My staff colleague Sister Lorraine, who will be retiring in a few days, was sharing over supper last night the story of her community‘s founder, Honora “Nano” Nagle. When I read a bit more about her life late last night, I thought we should put her on the fast track to this year’s Worthy Women series.
A public poll conducted in Ireland a number of years ago named her the greatest Irish woman ever. Christian Brother founder Edmund Rice owed her the inspiration for his boys’ education apostolate, mostly lifting her rules and adapting where necessary.
Like many women in this series she had to contend with some dense churchmen of the upper hierarchy who seemed to miss the whole point of the enterprise. But more on that a bit later.
Honora (nicknamed Nano) was the first child born into her family, in the 18th year of the 18th century. At the time, Ireland was a slave colony of the British. It was a crime to educate and be educated, and to practice the Catholicism.
The Nagle family had managed to hold on to some of its family wealth, and also its practice of the faith. There were ways around the education laws for the sneaky and the wealthy. Garret and Ann Nagle smuggled their two oldest daughters to France, where Nano was not only educated but lived the life of a debutante.
The Holy Spirit inspired a series of shocks to her system: first the recognition of poverty in Paris. Then, on her return to Ireland in 1746, she came to a full realization of her own life of privilege in comparison with her countrywomen and men. Her younger sister Ann was also touched by the spirit of charity. When Ann gave away a silk garment to provide for a needy family, Nano was touched to the point of reconsidering her own life’s options.
Her first instinct was to return to Paris and join the Ursulines. Nano’s spiritual director was guided by a different stirring, and he counseled the young woman to return again to Ireland and devote herself to the needy there.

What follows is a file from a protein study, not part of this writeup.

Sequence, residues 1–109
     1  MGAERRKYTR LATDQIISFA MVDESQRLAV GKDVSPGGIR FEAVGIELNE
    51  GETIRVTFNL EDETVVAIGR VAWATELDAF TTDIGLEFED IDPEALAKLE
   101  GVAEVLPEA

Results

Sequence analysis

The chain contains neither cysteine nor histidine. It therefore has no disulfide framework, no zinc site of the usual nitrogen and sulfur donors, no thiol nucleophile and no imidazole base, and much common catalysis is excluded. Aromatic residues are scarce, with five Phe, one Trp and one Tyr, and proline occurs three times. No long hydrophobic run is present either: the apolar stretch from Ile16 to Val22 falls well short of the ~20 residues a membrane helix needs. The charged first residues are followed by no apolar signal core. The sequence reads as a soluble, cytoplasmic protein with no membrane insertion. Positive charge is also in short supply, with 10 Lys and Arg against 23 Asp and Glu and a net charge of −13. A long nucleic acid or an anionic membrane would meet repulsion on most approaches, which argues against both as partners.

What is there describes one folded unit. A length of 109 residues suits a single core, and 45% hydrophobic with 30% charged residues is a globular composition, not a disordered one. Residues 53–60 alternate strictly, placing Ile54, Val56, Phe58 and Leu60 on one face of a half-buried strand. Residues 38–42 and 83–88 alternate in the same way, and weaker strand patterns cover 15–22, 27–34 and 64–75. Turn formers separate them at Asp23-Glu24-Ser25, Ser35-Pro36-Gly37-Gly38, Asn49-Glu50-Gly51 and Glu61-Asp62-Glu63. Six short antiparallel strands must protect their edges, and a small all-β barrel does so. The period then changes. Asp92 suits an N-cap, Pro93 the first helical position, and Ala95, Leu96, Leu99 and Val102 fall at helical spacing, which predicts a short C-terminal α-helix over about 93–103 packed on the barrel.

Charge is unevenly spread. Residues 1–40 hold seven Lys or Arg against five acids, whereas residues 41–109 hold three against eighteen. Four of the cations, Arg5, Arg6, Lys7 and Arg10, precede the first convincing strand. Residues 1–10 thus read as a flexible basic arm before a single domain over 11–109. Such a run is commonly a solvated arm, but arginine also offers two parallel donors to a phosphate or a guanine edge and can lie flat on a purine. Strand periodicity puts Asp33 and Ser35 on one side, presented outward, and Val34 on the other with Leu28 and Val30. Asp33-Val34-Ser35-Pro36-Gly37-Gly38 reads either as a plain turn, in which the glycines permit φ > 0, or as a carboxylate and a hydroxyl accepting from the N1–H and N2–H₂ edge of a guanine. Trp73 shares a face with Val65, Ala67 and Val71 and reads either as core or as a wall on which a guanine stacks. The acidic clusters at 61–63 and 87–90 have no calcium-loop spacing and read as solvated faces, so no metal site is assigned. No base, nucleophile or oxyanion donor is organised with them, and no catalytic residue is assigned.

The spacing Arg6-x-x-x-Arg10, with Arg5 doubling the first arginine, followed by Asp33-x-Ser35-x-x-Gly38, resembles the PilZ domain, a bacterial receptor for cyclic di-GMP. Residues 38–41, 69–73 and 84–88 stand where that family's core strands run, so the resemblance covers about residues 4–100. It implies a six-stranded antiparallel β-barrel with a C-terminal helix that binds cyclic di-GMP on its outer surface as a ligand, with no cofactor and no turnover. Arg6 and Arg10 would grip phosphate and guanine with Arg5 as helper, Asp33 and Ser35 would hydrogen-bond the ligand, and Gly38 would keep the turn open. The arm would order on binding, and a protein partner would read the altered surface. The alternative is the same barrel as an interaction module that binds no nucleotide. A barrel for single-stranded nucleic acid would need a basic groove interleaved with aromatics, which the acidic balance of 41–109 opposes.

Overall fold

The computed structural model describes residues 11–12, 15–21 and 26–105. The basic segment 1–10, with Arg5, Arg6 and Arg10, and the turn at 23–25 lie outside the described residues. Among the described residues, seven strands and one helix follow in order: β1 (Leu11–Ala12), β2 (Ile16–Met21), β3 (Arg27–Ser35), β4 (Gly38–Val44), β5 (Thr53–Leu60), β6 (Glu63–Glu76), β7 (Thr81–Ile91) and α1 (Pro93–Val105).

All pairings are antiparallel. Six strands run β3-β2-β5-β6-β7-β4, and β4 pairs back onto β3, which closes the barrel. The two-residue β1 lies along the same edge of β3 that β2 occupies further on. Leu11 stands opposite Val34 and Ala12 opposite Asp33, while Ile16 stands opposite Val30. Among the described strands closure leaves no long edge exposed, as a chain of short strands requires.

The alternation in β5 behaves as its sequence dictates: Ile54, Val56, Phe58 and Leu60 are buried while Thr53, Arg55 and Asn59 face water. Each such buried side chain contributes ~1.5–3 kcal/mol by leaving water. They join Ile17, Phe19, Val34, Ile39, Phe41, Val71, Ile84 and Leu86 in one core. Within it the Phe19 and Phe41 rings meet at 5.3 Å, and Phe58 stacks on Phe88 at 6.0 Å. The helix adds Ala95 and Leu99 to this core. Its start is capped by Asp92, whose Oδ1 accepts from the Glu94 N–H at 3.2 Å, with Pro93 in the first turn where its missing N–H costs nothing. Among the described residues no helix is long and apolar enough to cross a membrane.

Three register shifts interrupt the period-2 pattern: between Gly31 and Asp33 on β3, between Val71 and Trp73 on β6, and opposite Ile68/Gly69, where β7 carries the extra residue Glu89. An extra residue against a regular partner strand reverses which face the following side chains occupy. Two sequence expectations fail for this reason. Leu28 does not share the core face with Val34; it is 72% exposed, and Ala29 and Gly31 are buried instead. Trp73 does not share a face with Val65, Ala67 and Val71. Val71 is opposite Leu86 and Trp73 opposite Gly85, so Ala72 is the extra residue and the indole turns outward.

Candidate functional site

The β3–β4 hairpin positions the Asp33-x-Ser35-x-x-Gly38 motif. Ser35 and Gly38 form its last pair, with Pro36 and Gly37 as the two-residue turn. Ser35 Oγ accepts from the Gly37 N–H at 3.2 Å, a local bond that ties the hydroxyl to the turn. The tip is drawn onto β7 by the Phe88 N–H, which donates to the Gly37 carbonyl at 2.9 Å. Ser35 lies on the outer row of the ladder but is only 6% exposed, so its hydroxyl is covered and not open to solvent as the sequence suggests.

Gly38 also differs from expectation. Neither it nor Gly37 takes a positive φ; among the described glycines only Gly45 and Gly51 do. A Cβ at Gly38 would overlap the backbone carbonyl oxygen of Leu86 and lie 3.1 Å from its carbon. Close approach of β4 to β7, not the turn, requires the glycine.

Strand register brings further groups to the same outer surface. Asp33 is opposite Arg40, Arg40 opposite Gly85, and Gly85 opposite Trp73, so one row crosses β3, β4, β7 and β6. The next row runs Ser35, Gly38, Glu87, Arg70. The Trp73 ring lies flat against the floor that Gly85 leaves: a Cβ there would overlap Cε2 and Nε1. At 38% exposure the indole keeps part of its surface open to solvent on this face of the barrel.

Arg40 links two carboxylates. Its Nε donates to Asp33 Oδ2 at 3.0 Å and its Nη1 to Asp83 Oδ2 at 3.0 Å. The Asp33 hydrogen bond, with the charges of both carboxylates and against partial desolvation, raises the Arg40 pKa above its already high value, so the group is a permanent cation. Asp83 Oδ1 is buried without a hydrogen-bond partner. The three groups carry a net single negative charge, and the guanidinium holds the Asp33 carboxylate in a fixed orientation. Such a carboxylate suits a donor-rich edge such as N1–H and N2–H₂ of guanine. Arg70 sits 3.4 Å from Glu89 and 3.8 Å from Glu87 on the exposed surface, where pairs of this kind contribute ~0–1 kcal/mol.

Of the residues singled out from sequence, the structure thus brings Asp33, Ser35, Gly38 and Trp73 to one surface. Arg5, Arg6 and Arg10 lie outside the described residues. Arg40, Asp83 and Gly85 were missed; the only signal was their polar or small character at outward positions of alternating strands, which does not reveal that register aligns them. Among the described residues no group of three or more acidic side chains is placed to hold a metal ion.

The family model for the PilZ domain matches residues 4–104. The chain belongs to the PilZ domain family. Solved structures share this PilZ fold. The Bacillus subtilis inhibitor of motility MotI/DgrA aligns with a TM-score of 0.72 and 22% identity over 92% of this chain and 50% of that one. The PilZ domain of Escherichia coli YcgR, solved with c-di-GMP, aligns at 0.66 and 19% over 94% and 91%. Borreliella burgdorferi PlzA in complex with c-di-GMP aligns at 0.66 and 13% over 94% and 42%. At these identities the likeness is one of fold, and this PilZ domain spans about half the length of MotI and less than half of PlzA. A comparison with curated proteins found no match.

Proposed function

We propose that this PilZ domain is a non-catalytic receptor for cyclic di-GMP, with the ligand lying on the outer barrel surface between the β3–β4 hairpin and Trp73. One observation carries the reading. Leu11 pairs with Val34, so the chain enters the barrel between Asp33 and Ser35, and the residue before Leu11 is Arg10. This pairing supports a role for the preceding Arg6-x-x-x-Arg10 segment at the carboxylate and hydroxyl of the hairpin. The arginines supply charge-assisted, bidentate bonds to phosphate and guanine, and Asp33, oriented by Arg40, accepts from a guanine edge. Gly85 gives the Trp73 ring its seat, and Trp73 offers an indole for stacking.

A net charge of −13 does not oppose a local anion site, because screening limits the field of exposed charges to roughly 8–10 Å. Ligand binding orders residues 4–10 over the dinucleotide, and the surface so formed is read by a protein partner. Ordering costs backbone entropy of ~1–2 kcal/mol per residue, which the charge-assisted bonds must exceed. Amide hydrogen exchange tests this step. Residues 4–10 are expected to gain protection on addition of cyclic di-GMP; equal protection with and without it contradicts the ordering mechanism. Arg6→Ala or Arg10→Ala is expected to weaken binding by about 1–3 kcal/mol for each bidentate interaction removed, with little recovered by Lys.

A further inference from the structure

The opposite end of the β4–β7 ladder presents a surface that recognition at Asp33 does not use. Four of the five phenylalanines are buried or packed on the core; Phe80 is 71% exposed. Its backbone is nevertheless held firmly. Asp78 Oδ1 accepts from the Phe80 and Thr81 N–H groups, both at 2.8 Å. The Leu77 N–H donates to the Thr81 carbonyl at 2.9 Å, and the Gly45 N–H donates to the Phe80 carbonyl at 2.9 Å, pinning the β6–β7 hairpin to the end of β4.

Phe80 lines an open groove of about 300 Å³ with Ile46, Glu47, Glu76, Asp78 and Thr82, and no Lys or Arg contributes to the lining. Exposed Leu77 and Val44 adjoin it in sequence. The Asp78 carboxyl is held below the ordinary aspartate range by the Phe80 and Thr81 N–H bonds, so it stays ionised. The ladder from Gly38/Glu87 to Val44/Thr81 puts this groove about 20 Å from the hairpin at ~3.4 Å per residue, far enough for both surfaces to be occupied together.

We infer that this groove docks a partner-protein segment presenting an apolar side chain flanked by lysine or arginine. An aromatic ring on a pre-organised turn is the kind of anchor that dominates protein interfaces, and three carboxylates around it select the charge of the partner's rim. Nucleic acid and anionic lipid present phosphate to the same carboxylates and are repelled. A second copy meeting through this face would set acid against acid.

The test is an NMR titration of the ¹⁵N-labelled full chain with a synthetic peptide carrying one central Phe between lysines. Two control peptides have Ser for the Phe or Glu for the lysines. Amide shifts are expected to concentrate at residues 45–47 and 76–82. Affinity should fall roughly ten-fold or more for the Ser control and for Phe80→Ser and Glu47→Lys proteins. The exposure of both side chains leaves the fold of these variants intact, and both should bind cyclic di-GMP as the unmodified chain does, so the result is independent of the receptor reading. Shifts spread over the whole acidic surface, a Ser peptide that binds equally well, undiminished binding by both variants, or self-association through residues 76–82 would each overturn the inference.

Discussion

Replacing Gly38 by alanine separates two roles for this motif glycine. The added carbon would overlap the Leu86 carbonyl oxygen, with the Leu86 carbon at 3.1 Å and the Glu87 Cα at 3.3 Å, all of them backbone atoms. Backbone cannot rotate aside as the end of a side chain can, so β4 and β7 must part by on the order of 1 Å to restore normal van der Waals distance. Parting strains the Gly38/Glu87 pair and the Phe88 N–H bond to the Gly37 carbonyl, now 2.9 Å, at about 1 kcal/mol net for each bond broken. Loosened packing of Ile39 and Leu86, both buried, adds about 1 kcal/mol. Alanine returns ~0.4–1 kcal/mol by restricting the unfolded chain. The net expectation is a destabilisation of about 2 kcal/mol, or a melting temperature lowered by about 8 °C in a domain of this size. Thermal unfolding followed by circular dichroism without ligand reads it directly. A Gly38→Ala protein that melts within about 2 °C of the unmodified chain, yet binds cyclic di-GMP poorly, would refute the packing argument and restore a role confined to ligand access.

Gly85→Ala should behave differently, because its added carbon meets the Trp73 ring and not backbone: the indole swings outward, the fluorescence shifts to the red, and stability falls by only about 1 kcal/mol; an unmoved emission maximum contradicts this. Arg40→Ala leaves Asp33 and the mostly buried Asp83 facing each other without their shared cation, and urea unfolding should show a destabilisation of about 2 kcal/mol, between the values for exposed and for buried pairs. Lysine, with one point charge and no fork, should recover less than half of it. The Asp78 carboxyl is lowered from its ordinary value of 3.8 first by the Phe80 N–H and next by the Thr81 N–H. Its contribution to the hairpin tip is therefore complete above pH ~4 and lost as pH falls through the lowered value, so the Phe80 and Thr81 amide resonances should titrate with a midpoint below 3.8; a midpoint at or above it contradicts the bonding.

Education seemed the key to freedom and fulfillment in Miss Nagle’s mind. She began tutoring children, and before long had begun a secret, illegal school in a rented hut. Within months she was educating a few hundred children. She kept the secret from her family for a while. When he found out, her brother Joseph was angry. But later he threw his full support into the enterprise.
In addition to religious instruction, a secret network of schools in Cork also provided basic education in literacy and math, as well as training of young women in various crafts–something that would enable them to carve out some small livelihood in the local economy.
Some Irish neighbors were unimpressed. They insulted Nano publicly as well as her poor students. Some clergymen were nervous; they feared a flare up of persecution from Protestants as well as crackdowns from civil authorities.
The needy of Cork, however, held Nano Nagle in great regard, not only for the education of their children. She also visited the sick and elderly. She became known as the “Lady of the Lantern,” identified by the lighting assistance she used to navigate narrow streets and alleys by night. She continued with a life of charity for years. After exhausting her share of the family inheritance, she resorted to begging for the needy.
In 1771, Nano attempted to import a small Ursuline community of Irish expatriate sisters from France, but this did not work optimally. Bishops of the day expected women to remain in the cloister. It was inconceivable that women would operate outside of convent walls. Miss Nagle had great difficulty impressing on her bishop that Catholic education in Ireland needed to be mobile, flexible, and unconventional. Authorities would most definitely notice schoolchildren flocking to a building set up next to a cloister.
In 1775, Miss Nagle gathered her assistants and together they established the Society of Charitable Instruction of the Sacred Heart of Jesus. She remained firm in the face of opposition from the clergy. The focus was not on the community of women, but on those served.
Before her death Miss Nagle saw Irish schools emerge from secrecy. In 1782 education of children was once again permitted in Ireland after more than a century of oppression. Nano died of tuberculosis in 1784. Her Sisters of Charitable Instruction of the Sacred Heart of Jesus became the Presentation Sisters in 1794. Future bishops were successful in enclosing those women. But after Vatican II, a return to the founder’s vision was achieved. Today, Presentation Sisters offer a witness of prayer, charity, and education as lived by Nano Nagle. Where education is now done in parishes and by public institutions, the sisters focus on direct charity and advocacy for justice.
My colleague Lorraine exemplifies the spirit of Nano Nagle, her worthy founder. In her fifteen years of service here in central Iowa, a worthy list: catechumenate ministry, pastoral attention to the elderly, the sick, and the needy, as well as the fostering of family life.